Prospective buyers of the 2018 MacBook Pro were faced with a dilemma shortly after the device launched. Reports emerged that the machine experienced heavy throttling and wildly inconsistent performance under heavy, sustained load—especially when both the CPU and GPU were being taxed simultaneously.
Early speculation suggested that this was because of the inability of the MacBook Pro’s thermal management system to support the demanding Intel Core i9 CPU. But Apple quickly announced that it had discovered a bug in the MacBook Pro’s firmware that affected the heat management system. A firmware update was released earlier this week. Here is Apple’s public statement on the issue:
Following extensive performance testing under numerous workloads, we’ve identified that there is a missing digital key in the firmware that impacts the thermal management system and could drive clock speeds down under heavy thermal loads on the new MacBook Pro. A bug fix is included in today’s macOS High Sierra 10.13.6 Supplemental Update and is recommended. We apologize to any customer who has experienced less than optimal performance on their new systems. Customers can expect the new 15-inch MacBook Pro to be up to 70% faster, and the 13-inch MacBook Pro with Touch Bar to be up to 2X faster, as shown in the performance results on our website.
We dedicated some time this week to re-running all the benchmarks we did for our review in order to see how performance was impacted by the firmware update. We also wanted to see side-by-side comparisons of clock speeds before and after the update.
In one test, we artificially pushed all CPU cores to maximum utilization by generating 12 processes with “yes > /dev/null &” in Terminal. We measured the CPU clock frequency in Intel’s Power Gadget tool. First, we let the processes run for five minutes before taking a snapshot of the clock frequency graph you see below—the pre-firmware MacBook Pro’s Core i9 CPU throttled well before that point.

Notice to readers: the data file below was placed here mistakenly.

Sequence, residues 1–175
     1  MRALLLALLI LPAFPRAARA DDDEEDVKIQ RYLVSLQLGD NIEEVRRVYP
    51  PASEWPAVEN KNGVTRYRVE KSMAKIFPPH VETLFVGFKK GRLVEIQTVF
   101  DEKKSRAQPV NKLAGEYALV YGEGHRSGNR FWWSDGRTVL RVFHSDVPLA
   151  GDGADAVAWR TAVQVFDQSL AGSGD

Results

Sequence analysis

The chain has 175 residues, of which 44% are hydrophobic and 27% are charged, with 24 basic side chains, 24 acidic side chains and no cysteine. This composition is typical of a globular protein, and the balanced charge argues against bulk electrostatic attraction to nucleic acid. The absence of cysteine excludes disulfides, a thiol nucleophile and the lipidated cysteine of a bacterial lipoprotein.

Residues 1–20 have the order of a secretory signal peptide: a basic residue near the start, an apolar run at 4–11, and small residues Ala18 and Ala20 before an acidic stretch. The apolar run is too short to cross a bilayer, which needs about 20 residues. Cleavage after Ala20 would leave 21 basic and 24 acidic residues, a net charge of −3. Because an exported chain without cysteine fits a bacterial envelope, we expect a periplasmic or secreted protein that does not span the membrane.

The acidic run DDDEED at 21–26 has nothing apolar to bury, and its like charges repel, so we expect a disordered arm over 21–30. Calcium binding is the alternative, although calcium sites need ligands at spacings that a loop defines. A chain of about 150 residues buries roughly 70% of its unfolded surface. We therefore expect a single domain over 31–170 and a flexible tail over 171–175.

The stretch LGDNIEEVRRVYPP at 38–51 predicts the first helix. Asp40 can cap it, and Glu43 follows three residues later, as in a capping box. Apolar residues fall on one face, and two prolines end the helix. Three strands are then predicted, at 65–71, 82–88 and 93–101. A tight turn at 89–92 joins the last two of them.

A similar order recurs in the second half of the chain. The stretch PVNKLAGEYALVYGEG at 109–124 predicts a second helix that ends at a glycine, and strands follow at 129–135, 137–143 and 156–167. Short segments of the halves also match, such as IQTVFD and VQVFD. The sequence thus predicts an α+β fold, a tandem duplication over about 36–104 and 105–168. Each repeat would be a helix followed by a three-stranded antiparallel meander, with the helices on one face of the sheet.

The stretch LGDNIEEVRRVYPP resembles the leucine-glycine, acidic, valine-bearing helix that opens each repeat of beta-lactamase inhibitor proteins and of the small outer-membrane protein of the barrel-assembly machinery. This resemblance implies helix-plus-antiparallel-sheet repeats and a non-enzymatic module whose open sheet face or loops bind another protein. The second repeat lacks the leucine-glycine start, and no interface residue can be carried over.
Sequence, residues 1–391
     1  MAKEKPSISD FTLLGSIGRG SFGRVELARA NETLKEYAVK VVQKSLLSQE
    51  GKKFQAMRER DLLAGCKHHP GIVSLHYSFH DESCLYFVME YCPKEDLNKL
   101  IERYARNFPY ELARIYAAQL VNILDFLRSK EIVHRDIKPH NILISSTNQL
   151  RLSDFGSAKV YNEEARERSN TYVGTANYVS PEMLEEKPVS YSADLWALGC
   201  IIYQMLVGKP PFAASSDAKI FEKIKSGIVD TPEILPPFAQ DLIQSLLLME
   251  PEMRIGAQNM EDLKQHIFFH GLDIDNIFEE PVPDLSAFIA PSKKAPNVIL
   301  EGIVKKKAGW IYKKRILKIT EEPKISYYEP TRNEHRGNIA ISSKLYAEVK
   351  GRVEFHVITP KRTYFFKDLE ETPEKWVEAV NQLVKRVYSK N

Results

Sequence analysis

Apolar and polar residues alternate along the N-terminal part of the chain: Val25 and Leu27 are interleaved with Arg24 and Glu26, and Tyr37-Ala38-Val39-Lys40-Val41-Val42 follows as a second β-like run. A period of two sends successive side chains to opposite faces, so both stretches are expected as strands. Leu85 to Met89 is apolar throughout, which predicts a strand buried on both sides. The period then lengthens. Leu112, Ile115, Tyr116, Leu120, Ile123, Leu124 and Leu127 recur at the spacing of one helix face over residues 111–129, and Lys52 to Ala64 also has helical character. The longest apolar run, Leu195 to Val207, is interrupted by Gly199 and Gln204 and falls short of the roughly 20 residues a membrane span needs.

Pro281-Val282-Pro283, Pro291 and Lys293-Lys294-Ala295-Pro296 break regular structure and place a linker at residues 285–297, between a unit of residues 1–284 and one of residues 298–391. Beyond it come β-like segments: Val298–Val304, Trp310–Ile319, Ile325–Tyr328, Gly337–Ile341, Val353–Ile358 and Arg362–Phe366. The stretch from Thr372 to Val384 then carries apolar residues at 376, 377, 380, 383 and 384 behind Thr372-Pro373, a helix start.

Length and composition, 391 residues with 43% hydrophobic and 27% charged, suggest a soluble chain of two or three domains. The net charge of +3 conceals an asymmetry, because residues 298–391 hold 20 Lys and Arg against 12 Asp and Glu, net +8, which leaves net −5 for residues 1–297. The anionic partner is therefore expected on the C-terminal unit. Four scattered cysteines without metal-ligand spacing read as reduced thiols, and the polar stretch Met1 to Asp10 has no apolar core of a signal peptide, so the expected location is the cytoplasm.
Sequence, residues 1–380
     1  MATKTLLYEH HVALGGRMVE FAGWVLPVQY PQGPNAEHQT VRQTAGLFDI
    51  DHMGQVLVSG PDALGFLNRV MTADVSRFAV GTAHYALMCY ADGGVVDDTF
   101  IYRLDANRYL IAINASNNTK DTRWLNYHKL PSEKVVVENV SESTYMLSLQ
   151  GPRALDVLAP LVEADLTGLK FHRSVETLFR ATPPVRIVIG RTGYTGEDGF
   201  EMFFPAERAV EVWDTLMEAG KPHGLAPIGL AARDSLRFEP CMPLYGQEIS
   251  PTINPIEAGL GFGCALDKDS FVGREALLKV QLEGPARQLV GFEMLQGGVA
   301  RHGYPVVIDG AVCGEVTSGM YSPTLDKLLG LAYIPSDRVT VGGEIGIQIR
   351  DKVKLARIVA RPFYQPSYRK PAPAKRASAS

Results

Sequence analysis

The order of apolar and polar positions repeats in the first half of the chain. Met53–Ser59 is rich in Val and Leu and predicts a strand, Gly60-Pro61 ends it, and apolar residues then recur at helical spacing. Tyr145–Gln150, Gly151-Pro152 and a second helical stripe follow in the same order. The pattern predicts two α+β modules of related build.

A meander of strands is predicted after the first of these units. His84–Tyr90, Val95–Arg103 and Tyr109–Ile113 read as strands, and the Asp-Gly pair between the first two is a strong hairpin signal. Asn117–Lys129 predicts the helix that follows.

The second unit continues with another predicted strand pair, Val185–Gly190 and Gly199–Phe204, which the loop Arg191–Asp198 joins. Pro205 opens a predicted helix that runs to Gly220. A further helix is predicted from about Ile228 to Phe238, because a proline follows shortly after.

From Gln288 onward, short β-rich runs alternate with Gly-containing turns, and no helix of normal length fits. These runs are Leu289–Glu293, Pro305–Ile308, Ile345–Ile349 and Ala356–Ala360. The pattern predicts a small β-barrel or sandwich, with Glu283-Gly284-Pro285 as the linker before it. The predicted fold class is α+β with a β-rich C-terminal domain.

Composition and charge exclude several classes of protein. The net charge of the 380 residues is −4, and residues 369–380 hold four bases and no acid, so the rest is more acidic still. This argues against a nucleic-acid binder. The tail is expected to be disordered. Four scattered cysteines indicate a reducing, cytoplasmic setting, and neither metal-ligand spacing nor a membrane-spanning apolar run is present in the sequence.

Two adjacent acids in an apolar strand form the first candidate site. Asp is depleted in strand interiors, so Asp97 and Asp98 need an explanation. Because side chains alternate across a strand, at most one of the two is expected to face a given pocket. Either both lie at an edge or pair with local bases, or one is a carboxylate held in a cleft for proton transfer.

Then, we repeatedly ran GFXBench Metal’s 1080p Manhattan offscreen GPU benchmark while the processes were still running. We took the snapshot for this test during the third successive run of that benchmark.
We did this in a temperature-controlled room (72 degrees Fahrenheit). We ran the tests once before applying the firmware update and again after applying it.
In our post-firmware test, a 3.5GHz clock speed was maintained even when all cores were fully utilized for an extended period of time. This was definitely the performance that Apple promised when announcing the new MacBook Pro lineup, and we’re glad to see that the firmware update has made it a reality.
Things get muddier when the GPU is also fully taxed, though. At that point, the CPU is throttled to as low as 2GHz. However, performance is consistent, which is essential for 3D modeling and many other workflows that were hampered by the wild fluctuations we saw before the update.
Keep in mind that this was an artificially produced worst-case scenario that is more severe than almost all actual use cases, but the MacBook Pro still can’t fully tap the potential of both the CPU and GPU simultaneously. This is not surprising, given the laptop’s form factor. It’s a compromise for portability.
We performed many more tests, and they all told exactly the same story—behavior is now normal and as advertised in the vast majority of cases, but some extreme scenarios involving both the CPU and GPU still lead to throttling, but with more consistent clocks. The above test just illustrated that most clearly.
We’ve updated our review with these revised benchmark results accordingly since recent tests delivered different results after the update. In many cases, results were not substantially different; that’s because many of our standard review benchmarks measure short bursts of performance rather than sustained performance over a period of time. The flaw only impacted tests that measured the latter scenario.
After the update, the MacBook Pro is now easier to recommend to most creative professionals, developers, and researchers—provided they can afford it and wish to prioritize a balance between performance and portability, that is.